Work in progress

The #1 collection of bentonite THCMG data.

Python API

The data in is accessible using a Python API that can be downloaded here.

In order to use the API, place the file into the same folder with your own code, and import it. The API is very simple. Usage is demonstrated in an example .py file included in the .zip, and also shown below.

import bentonitedata

# Find a list of identifiers of all the available experiments.
ids = bentonitedata.get_id_list()

print(f"Received {len(ids)} experiment identifiers.")
print(f"The first one is {ids[0]}")

# Download all data of one experiment as dictionary.
id = ids[0]
exp_data = bentonitedata.get_experiment(id)

print(f"This experiment was performed by {exp_data['contact']['name']}")
print(f"The name of the first result is {exp_data['results'][0]['name']}")
x_vals = exp_data['results'][0]['x']['values']
print(f"and the range of x-values is from {x_vals[0]} to {x_vals[-1]}.")

The output is

$ python3 
Received 31 experiment identifiers.
The first one is JyU_E10R1
This experiment was performed by Joni Tanttu
The name of the first result is Layer positions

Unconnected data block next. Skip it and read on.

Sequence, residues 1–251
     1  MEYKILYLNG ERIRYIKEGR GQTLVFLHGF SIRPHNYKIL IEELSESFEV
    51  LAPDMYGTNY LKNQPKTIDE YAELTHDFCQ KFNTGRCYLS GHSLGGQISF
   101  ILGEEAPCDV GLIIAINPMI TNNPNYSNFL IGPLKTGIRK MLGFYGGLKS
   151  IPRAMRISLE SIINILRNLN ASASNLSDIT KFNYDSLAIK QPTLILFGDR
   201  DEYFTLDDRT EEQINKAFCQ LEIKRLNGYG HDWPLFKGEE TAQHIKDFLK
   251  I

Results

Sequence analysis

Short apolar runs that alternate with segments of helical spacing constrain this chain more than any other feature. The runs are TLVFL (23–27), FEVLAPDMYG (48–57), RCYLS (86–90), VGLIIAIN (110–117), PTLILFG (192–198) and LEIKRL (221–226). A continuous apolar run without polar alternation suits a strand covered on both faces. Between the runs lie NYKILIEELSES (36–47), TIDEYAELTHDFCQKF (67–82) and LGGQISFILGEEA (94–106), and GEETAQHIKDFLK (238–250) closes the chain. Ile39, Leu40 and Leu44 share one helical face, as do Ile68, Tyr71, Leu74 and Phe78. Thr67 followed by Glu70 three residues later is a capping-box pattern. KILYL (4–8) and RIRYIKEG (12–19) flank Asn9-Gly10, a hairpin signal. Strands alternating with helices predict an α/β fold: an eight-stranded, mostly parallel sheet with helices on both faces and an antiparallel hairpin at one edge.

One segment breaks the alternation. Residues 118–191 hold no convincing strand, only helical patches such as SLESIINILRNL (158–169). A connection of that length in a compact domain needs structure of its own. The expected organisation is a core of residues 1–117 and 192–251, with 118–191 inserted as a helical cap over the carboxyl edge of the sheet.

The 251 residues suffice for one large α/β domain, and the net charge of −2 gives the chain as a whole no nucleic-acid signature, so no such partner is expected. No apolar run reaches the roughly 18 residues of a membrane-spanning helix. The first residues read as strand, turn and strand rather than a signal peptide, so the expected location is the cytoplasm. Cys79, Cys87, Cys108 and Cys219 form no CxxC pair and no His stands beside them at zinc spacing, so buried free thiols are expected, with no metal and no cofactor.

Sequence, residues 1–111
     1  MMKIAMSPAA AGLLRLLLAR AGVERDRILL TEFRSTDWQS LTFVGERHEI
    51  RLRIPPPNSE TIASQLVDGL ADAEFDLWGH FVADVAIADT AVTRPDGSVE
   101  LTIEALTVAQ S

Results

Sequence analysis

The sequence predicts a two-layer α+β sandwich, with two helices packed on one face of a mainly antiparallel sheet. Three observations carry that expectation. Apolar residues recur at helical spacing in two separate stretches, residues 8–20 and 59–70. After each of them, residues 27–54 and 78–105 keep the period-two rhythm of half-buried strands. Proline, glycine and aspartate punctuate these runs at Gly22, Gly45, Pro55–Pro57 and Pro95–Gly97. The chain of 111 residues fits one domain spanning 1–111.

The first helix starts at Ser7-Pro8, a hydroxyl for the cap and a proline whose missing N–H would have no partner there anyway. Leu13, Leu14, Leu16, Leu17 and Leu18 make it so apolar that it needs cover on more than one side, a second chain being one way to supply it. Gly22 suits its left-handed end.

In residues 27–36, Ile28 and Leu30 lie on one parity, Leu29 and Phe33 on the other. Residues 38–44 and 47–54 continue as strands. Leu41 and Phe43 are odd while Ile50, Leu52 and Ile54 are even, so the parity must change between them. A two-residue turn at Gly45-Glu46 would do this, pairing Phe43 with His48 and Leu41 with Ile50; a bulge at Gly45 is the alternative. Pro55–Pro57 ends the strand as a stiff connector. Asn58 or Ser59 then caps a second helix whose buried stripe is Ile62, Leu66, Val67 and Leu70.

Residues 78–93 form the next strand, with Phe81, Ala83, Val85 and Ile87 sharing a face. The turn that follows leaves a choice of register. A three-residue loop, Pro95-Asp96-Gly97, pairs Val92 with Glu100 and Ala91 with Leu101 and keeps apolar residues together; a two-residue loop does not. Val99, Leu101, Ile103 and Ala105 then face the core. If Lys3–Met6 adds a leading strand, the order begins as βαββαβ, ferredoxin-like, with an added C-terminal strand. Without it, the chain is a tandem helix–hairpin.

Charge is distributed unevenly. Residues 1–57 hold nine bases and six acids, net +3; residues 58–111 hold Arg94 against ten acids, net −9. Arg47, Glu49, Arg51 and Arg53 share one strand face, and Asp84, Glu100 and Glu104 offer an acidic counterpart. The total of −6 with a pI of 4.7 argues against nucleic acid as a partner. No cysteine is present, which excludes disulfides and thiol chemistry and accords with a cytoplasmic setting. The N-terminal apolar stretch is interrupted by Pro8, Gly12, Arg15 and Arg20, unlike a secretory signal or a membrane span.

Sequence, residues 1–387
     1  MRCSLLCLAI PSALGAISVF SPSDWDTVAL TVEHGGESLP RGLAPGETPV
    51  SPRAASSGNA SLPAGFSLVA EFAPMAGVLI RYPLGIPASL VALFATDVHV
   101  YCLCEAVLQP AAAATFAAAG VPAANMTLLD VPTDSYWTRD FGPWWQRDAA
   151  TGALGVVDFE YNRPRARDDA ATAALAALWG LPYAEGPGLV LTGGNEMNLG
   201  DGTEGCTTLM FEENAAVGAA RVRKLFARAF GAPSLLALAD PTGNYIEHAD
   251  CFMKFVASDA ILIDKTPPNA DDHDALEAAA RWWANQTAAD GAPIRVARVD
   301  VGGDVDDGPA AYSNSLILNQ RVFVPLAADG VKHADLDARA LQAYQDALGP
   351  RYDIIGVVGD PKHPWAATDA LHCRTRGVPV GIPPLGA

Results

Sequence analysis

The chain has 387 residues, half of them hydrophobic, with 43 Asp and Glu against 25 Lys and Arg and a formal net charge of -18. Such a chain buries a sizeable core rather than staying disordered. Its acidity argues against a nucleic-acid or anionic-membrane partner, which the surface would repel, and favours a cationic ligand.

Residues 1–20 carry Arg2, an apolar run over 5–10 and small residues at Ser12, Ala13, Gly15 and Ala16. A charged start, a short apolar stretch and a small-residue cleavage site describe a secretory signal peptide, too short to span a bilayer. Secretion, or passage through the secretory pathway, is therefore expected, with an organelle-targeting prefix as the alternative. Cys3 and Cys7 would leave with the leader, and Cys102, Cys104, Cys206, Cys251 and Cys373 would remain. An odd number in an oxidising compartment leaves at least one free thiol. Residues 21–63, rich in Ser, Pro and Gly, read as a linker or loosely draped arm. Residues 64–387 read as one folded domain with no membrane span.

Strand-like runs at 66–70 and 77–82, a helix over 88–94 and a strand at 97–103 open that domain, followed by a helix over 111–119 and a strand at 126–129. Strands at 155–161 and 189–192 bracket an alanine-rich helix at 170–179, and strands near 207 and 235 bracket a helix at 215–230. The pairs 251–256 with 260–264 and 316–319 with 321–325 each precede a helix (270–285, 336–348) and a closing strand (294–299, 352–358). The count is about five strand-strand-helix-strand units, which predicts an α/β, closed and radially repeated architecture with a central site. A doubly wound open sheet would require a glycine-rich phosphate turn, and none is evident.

and the range of x-values is from -0.44444 to 387.31250.


The data in is accessible in JSON format through simple HTTP REST queries.

The data is identified through experiment ID numbers that are listed in the Browse page. A list of valid experiment ID numbers can also be queried by HTTP GET request to The return value is a JSON formatted list of experiment IDs.

JSON formatted data corresponding to a specific experiment ID can be retrieved by HTTP GET query to[ID], where [ID] must be replaced by a valid experiment ID.

HTTP GET queries can be made, e.g., with web browsers by pointing address to the URIs given above, or using command line tools such as wget or curl that are installed by default on most Linux computers.